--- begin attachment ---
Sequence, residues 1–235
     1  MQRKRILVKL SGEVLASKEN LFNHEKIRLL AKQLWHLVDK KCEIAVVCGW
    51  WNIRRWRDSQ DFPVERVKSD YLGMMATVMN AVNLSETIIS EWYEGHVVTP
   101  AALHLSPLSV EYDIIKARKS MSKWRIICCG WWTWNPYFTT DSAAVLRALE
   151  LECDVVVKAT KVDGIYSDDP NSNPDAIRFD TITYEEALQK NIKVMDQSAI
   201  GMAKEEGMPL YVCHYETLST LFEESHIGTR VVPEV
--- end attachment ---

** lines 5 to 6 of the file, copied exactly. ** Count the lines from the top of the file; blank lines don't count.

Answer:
   151  LECDVVVKAT KVDGIYSDDP NSNPDAIRFD TITYEEALQK NIKVMDQSAI
   201  GMAKEEGMPL YVCHYETLST LFEESHIGTR VVPEV